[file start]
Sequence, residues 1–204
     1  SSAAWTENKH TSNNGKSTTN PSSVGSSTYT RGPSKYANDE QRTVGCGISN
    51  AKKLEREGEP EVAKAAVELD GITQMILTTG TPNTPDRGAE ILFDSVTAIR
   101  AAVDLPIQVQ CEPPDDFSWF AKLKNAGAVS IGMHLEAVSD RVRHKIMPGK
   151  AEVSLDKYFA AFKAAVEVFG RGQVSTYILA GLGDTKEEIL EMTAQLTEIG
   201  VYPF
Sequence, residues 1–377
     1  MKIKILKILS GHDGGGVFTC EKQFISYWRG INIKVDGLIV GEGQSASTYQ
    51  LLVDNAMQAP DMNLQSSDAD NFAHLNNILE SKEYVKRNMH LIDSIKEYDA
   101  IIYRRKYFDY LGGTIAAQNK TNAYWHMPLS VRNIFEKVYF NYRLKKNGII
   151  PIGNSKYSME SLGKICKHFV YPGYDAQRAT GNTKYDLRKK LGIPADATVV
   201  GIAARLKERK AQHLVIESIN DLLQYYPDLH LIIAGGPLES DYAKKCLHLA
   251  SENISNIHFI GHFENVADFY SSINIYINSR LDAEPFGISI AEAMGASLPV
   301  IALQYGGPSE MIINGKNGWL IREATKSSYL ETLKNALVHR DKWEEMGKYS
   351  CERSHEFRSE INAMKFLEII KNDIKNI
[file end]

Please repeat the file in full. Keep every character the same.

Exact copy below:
Sequence, residues 1–204
     1  SSAAWTENKH TSNNGKSTTN PSSVGSSTYT RGPSKYANDE QRTVGCGISN
    51  AKKLEREGEP EVAKAAVELD GITQMILTTG TPNTPDRGAE ILFDSVTAIR
   101  AAVDLPIQVQ CEPPDDFSWF AKLKNAGAVS IGMHLEAVSD RVRHKIMPGK
   151  AEVSLDKYFA AFKAAVEVFG RGQVSTYILA GLGDTKEEIL EMTAQLTEIG
   201  VYPF
Sequence, residues 1–377
     1  MKIKILKILS GHDGGGVFTC EKQFISYWRG INIKVDGLIV GEGQSASTYQ
    51  LLVDNAMQAP DMNLQSSDAD NFAHLNNILE SKEYVKRNMH LIDSIKEYDA
   101  IIYRRKYFDY LGGTIAAQNK TNAYWHMPLS VRNIFEKVYF NYRLKKNGII
   151  PIGNSKYSME SLGKICKHFV YPGYDAQRAT GNTKYDLRKK LGIPADATVV
   201  GIAARLKERK AQHLVIESIN DLLQYYPDLH LIIAGGPLES DYAKKCLHLA
   251  SENISNIHFI GHFENVADFY SSINIYINSR LDAEPFGISI AEAMGASLPV
   301  IALQYGGPSE MIINGKNGWL IREATKSSYL ETLKNALVHR DKWEEMGKYS
   351  CERSHEFRSE INAMKFLEII KNDIKNI